Across Pacific & Asia

- By Robert Goh
* CLICK here  -  for Mandarin version

The International Red Cross in its 1998 world disasters report says that year was the worst on record. Hurricane Mitchell struck in central America, drought in Indonesia, and floods affected 180 million in south China.

Earlier, in 1939 floods in north China from the Yellow River killed 100,000. Prior to that, in 1931 floods killed 3.7 million, and in Manchu dynasty times in 1887, a flood caused 900,000 deaths.

Ancient China must have had a long record of floods, since, like ancient Egypt and Mesopotamia, its early civilisation was built near a river.

Consequently, the Chinese must have built boats quite early, and a form of the word must have been written down since early times.

The modern Chinese word for boat or ship ( chuan) is a curious one. It escaped the 1956 character simplification reform in China, but today it is found in two forms.

In both the forms, there is a sailing vessel  (zhou) as a radical, and also a character for "mouth"  (kou) and finally, one with a component for either "several" (ji)  or  "eight" (ba) . But which is the correct one?

Assuming that the correct form is that for "several" the word "ship" looks similar to words like the metal lead  (qian) , and the word for alongside  (yan). However, the pronunciations for all these are rather different, which is very surprising.

Certainly "ship" is not a newly created word. The Japanese know of this word, since around 400AD, Chinese books were first brought into Japan from Korea. They call it fune, and it appears similar to the word for navigate.

According to Japanese teachers of Chinese at the University of Tokyo, the word for navigate (hang) derives from a vessel, and on the right, a pictograph of a man with a raised neck - looking around so as to navigate properly. Did that pictograph of a man's neck become the number eight?

Whether the word for boat derived from navigate or vice versa, (it is more logical to build a boat first, then navigate it) it is clear that in the case of boat, the two components at the right hand side are eight and mouth.

Today there are major dictionaries such as The Chinese-English Dictionary by the Beijing Foreign Languages Institute (1979), Chinese Bibles, and some computer word processing programs such as Chinese Star 2.97 which use the component "several".

However, Cihai, published in Taiwan as late as 1988, and Matthews' Chinese-English Dictionary of 1931 still show the number 8. In fact, an ancient form of the word boat shows it to be eight mouths.

The question is, why should there be eight mouths and not seven, or six or any other number. Obviously they refer to eight people, but which eight?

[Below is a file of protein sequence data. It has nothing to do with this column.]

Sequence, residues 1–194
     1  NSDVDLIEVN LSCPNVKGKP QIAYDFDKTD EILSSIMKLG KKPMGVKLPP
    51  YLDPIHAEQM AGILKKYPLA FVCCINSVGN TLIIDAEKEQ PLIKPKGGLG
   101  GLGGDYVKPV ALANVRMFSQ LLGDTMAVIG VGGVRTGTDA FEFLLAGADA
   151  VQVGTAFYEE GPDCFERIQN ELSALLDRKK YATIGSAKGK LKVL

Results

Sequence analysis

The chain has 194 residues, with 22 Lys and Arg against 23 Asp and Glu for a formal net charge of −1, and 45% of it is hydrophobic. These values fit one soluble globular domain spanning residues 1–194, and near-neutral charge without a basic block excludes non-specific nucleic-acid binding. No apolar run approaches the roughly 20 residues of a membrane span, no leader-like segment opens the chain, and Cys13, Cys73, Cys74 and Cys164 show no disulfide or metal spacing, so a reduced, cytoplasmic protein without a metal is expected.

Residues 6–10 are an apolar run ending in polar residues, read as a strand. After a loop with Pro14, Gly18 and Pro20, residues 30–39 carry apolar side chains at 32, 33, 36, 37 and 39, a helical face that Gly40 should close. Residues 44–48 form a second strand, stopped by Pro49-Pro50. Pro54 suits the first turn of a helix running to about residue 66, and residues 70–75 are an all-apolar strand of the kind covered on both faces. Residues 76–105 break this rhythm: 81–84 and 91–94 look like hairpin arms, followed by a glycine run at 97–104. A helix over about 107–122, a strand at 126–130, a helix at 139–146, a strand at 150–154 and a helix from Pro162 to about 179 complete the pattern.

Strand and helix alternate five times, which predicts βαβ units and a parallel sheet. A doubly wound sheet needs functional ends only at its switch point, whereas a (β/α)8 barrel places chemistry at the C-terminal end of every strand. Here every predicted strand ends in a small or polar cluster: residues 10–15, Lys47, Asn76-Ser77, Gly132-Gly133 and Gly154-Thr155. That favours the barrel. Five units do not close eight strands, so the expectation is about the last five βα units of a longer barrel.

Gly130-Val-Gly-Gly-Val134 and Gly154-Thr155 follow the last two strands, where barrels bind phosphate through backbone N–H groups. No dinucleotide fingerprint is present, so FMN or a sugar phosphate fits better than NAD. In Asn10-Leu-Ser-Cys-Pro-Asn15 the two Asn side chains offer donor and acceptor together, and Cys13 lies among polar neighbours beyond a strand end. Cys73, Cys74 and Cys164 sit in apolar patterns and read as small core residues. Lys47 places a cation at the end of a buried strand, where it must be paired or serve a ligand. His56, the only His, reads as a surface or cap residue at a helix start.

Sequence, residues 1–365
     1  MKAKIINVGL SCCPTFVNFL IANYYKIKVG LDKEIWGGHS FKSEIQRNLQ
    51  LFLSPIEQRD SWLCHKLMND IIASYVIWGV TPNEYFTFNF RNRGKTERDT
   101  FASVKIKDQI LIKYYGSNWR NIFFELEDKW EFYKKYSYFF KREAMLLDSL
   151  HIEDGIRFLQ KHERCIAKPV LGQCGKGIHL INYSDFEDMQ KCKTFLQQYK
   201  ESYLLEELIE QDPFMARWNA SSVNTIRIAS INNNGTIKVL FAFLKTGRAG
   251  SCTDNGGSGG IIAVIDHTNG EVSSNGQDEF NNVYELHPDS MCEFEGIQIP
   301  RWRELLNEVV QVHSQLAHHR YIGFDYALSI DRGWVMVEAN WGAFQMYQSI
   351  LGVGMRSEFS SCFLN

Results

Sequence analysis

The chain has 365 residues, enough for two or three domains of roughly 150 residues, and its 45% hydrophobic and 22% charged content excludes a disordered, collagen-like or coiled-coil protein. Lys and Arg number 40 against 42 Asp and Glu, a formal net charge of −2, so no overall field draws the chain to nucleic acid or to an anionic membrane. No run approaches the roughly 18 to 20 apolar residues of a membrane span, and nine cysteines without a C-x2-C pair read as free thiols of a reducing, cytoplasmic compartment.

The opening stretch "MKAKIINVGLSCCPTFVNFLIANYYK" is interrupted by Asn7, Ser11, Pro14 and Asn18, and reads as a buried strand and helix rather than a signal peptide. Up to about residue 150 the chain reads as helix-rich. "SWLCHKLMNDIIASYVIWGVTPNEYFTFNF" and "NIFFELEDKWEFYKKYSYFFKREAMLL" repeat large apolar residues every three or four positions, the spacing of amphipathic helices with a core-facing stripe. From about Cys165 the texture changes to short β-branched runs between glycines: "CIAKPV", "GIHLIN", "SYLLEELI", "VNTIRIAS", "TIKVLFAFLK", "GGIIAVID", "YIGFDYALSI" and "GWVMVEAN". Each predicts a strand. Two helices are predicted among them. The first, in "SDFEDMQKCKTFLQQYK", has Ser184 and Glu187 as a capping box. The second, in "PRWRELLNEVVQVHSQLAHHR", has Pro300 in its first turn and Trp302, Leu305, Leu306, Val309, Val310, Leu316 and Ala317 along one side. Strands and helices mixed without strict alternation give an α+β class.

One possible explanation is that the word derives from an otherwise forgotten Chinese memory of a great worldwide flood in ancient times that is better known to the west as the Great Flood of Noah's day as recorded in the Jewish peoples' Hebrew Old Testament book of Genesis.

According to that account, there were only eight people saved in Noah's day (Gen 7:13): Noah, his three sons Shem, Ham and Japheth, Noah's wife and the three sons' wives.

It was not a nationalistic epic, since the Hebrew account places the survivors as landing on - not on Mt Hermon, the highest mountain in Israel today -  but the mountains of Ararat which is presently at the Turkish-Armenian border, far away from Israel.

Moreover, the later New Testament books of 1 Peter 3:8 and 2 Peter 2:5 repeat the number eight who were saved.

In fact, over many parts of the world, there were other ancient peoples who had similar stories. Similar stories come from southern Asia, the South Sea islands, and all parts of the continent of America - but they are very rare in Africa (Ancient Egypt had a flood story) and Europe.

The Greeks had several versions of a myth in which a king Deucalion and his wife Prrrha escaped from a great flood by floating in a chest that finally landed on a mountain. They took refuge on Mt Parnassus (in central Greece not far from Delphi) and, at Zeus' command, cast  stones which became a new race of human beings.

An Indian myth from the 6th century BC tells how the hero Manu was advised by a fish to build a ship as a means of escape from the coming flood. When it came, the fish towed the ship to a mountain top.

Excations at Ur in Iraq by Sir Leonard Wooley in 1929 may have confirmed the ancient belief of many nations when he discovered a layer of clay 3m deep which was apparently deposited by a great ancient flood.

It seemed to echo the story of a great worldwide flood as recorded in a Babylonian clay tablet, the Epic of Gilgamesh, written over 2,500 years ago. According to that epic the hero and sole survivor Utnapishtim landed on Mount Nisir (in Kurdistan, upper Iraq).

Today a surviving Chinese legend of an extensive ancient flood vaguely revolves around the person of a goddess Nukua who supposedly ended the flood by patching up the blue sky with five-coloured stones; the details are very different from the Hebrew version.

Only the character "boat" and its eight passengers seems to remain as a constant reminder of what had happened long, long ago.

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